Authorization Code and PKCE

Hello again Cyber geeks. As I stated previously I will be posting more on the topic of Oauth. So this is in continuation where we left.

In this article we will go a bit more Advance to understand more about Secure Implementation of OAuth for Private client.

So Let’s get started……

As we seen earlier how OAuth mechanism works where the client access the Protected Resource by getting an Access token. Now to perform OAuth exchange from public clients securely and to prevent several attacks we will going to use PKCE (RFC 7636)

To understand it in simpler terms we can say there are two types of Clients Public & Private client. One is fully server-side hosted application(private client)and another is desktop and mobile application(public client).

Server-side hosted application is classified as private and they store their secret safely. However desktop and mobile application is classified as public and their contents cannot be fully protected. Public application can be exploited via interception, whereby a malicious application running alongside the application can intercept the authorization code and obtain the authorization token and impersonate the user.

Proof Key for Code Exchange (PKCE, pronounced “pixy”) is a specification about a countermeasure against the authorization code. It comes under RFC 7636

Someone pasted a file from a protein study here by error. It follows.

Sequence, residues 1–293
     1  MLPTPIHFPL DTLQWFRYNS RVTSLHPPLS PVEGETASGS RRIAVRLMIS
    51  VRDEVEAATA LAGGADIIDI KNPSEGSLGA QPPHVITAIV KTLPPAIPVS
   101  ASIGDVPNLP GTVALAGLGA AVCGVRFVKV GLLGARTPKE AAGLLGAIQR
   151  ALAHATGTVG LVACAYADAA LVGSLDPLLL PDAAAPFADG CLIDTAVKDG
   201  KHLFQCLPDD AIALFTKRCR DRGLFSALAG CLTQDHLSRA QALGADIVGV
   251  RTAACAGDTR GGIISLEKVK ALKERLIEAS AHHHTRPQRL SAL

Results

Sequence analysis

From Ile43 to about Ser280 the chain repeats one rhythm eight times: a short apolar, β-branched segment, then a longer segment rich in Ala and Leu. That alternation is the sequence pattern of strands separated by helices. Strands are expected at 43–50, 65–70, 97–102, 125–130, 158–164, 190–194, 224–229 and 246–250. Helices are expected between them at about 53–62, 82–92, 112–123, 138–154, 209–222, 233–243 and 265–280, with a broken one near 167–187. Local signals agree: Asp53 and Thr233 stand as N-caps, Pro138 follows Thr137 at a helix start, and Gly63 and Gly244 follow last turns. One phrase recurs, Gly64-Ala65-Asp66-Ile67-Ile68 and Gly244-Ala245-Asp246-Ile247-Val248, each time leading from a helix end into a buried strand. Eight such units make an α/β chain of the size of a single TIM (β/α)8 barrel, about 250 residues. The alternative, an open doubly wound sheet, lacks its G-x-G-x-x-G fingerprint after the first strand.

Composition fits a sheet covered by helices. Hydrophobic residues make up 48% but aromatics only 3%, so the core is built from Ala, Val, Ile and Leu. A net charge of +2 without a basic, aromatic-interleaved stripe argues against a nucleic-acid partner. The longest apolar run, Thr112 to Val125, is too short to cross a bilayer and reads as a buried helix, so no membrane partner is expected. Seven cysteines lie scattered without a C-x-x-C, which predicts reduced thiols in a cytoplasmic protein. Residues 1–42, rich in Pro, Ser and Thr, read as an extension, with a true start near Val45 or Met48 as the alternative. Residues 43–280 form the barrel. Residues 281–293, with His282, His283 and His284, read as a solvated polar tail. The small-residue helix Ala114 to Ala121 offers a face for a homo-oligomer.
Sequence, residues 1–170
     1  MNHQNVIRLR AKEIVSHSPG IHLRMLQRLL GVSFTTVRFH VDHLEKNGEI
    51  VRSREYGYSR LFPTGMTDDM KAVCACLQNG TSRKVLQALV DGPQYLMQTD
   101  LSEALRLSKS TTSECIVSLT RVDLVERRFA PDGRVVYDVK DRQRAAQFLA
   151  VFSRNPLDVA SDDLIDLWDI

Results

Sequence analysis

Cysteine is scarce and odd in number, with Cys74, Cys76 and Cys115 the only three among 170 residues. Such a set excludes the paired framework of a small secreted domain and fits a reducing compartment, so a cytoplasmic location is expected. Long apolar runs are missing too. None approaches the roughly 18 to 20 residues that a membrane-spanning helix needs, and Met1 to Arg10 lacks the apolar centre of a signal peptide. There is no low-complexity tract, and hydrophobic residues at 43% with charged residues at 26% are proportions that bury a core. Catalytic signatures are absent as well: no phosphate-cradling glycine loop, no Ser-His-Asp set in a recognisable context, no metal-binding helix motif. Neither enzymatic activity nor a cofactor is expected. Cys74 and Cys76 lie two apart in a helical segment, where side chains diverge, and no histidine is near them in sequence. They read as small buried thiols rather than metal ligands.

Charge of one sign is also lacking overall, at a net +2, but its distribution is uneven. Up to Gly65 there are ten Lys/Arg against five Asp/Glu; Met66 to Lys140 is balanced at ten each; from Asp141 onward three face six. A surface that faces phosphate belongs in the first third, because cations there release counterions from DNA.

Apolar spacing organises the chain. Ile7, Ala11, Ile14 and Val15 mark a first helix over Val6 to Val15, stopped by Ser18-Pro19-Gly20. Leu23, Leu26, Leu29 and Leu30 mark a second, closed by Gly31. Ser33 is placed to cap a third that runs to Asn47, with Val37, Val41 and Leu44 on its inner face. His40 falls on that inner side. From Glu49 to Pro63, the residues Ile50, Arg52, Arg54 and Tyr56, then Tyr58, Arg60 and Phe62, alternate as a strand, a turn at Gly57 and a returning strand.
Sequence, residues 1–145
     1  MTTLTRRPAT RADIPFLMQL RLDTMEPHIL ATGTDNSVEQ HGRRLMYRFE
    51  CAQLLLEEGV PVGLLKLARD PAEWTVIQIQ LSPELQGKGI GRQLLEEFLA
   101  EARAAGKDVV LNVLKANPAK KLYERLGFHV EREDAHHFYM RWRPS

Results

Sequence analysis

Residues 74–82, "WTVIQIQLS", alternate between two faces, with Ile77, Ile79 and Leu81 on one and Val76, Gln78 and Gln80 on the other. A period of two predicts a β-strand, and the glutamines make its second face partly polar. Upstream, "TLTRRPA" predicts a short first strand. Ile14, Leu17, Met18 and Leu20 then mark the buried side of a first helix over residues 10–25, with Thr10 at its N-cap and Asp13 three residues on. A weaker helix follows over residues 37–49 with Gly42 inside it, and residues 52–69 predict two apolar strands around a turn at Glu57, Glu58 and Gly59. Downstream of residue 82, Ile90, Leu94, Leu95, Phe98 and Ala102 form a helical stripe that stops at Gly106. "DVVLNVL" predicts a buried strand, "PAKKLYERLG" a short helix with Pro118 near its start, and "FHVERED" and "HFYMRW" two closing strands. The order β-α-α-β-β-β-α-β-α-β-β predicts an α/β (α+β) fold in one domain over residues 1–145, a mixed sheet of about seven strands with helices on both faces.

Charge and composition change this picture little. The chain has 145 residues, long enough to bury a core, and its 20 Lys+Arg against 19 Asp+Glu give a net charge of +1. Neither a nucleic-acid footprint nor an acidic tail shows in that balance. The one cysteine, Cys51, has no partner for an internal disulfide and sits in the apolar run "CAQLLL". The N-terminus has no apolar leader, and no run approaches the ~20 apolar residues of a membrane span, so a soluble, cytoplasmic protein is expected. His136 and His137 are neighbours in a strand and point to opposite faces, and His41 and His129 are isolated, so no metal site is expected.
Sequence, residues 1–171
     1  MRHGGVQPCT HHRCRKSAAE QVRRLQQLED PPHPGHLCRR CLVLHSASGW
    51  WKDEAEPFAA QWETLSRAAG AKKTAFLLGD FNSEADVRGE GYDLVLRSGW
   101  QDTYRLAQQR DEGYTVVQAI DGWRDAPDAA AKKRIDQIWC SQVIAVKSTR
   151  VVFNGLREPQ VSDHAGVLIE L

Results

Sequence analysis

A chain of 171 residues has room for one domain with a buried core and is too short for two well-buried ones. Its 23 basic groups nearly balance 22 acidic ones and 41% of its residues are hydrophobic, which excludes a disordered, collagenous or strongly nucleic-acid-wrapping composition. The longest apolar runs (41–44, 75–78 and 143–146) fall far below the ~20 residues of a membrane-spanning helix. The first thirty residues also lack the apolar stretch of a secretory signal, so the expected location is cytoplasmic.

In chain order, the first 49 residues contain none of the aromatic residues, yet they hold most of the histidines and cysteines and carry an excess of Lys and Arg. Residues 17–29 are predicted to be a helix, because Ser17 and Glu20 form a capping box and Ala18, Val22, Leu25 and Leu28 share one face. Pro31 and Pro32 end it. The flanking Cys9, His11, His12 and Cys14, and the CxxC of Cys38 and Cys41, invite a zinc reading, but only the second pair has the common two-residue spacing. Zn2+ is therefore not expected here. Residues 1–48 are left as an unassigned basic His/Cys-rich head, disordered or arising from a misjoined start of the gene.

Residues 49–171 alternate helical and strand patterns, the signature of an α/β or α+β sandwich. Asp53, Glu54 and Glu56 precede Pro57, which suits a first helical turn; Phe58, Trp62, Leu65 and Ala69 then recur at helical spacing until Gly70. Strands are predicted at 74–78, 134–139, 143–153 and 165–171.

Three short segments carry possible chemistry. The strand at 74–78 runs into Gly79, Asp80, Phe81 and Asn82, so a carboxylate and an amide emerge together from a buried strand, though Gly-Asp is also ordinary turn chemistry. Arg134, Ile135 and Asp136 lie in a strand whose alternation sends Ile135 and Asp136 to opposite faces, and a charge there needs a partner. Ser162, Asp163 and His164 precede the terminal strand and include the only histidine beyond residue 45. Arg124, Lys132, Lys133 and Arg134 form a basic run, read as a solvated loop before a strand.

We will try to understand this with an Example

User logged in to the application (refer as client).The application generates a random string refer to as code verifier and then it generate a SHA256 hash of the string which is referred as the code challenge.

The application then redirects the user to the identity provider with the code challenge hash. The authorisation server then store that code challenge temporarily and take the user back to the application along with the authorization code, once the application got the authorization code, it sends it to identity provider via HTTP POST METHOD.

Once the identity provider get the authorization code and the string. It will perform SHA256 hash operation over the random string (code verifier)and it will compare it with original code challenge .If the two hashes matches then the next stage is where the identity provider returns the access token back to the application and now the application can use the token to access any resource on behalf of a user.

This way this whole OAuth along with PKCE works.

In the next part we will learn about some other interesting topic.

Till the time stay safe & Happy hunting…….